The Fantastic Planet Film Festival Trivia Competition and How to Win It.
Frustrated by a film-obsessed teenager prone to weekends working through towers of VHS rentals, my mother would often bellow “Why would you want to be inside on a day like today!” That memory echoed subconsciously as I abandoned the glorious sunshine of a Sydney Saturday afternoon for the confines of Newtown’s Bank Hotel. I had committed to fielding a team in the inaugural Fantastic Planet Film Festival Trivia Competition back when the East coast was sodden after weeks of rain and was honouring my promise, but the sun felt good.
The event was the brainchild of Bryn Tilly, a charismatic Kiwi steeped in obscure genre knowledge; he administers one of Australia’s leading fan-sites, Horrorphile. He had secured some respected names in the field to judge the gore-filled recollections of my like-minded competitors – The Horseman director Steve Kastrissios; Matt Joyce, editor of cyberpunk e-magazine ‘Machete Girl’; international guest of the fest, Seve Schelenz, director of cult-hit Skew; and festival co-programmer, Pablo Perreira.
I knew the event would have nerds like me scurrying from dark corners to take part, so I had corralled my own team of Alpha geeks. Monikered with self-deprecating good humour ‘The Reservoir Dags’, it included Needle screenwriter Tone Egan; zombie-obsessive Meg McKenzie; Universal’s Australian operations manager and Planet of the Apes guru Ken Taylor and his Potter-head wife, Heather. We settled into a corner booth, drew the curtains to fully excise any stinging daylight, and poised our pens...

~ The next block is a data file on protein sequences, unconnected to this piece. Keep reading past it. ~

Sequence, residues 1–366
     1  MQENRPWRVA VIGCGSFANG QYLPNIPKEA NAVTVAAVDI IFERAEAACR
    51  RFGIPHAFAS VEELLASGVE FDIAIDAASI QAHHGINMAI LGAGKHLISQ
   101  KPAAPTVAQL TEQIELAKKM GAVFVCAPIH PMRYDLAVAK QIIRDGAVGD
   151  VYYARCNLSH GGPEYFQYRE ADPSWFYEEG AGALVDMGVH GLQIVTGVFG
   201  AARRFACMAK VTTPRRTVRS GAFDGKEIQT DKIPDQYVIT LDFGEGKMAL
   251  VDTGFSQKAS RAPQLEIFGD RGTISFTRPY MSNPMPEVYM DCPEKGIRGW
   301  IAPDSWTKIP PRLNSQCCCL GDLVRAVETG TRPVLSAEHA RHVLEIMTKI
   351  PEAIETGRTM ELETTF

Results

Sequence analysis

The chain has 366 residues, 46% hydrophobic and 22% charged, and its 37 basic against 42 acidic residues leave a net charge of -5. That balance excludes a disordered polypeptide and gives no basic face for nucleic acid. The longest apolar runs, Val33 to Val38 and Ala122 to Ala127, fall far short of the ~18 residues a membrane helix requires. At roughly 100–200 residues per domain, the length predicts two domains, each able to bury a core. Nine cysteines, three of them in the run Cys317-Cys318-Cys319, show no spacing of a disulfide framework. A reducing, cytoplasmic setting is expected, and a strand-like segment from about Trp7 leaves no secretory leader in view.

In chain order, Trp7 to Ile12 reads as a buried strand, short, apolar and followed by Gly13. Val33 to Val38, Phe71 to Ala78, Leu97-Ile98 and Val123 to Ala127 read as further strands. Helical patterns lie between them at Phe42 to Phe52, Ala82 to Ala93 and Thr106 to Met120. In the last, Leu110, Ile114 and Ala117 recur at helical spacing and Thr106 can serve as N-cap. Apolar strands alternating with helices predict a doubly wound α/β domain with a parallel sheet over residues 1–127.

A couple of categories into the battle and we knew we had a good shot at the crown. Tone set the standard when he correctly guessed the 1922 witchcraft doco Haxan was narrated by William S Burroughs for its 1968 re-release. True, we stumbled badly when asked “How many daggers are needed to kill the Antichrist in The Omen?”, but it was a mere blip. By the time we bellowed “The Slaughtered Lamb!” in perfect unison, the event had ceased being a contest.
By mid-afternoon, a palpable tension had descended upon the gathering. The more our team answered (and drank), the louder our confidence grew. Questions that brought exasperated groans from other tables were met with our giggly delight. Tone knew what crashed through the cinema roof in Lamberto Bava’s Demons; Ken rattled off all the ...Ape films in a single breath (quite something to watch); I contributed by identifying the blush-response test employed by the Blade Runner cops to detect replicants in Ridley Scott’s classic. It threatened to be a landslide; as Tilly started revealing the answers, his voice straining to be heard over our self-congratulatory whoops, seething rivalries threatened to spill over.
When the inevitable disputed-call came, the Bank Hotel erupted like Thunderdome. To the question “In Steven Spielberg’s Close Encounters of the Third Kind, Roy Neary builds his first model mountain from what?”, all teams answered ‘mashed-potato’ and were marked correct. Led by yours truly, The Dags lodged a protest; the morning after his roadside close encounter, Richard Dreyfuss’ character crafts his first sculpture of Devil’s Tower from shaving cream. When Tilly acknowledged the gaffe, he not only awarded us full points, but took every other teams point away; a 2-point turnaround. Team captains flew from their cubicles, gesticulating wildly as the geek-spit flew, but their fate was sealed.
By the tournaments end, our rag-tag unit had swept all before us; scoring 79/100, we bettered the second-place team by 20-odd points. If my mother could have seen just how beneficial all those hours staring blankly at B-movies had been, she may have even felt a modicum of pride...
(Footnote: Admittedly, we did stumble badly on the visual clues. Tilly and the Fantastic Planet organising team have kindly supplied the three images that stumped The Collective Nerd. Any ideas....?)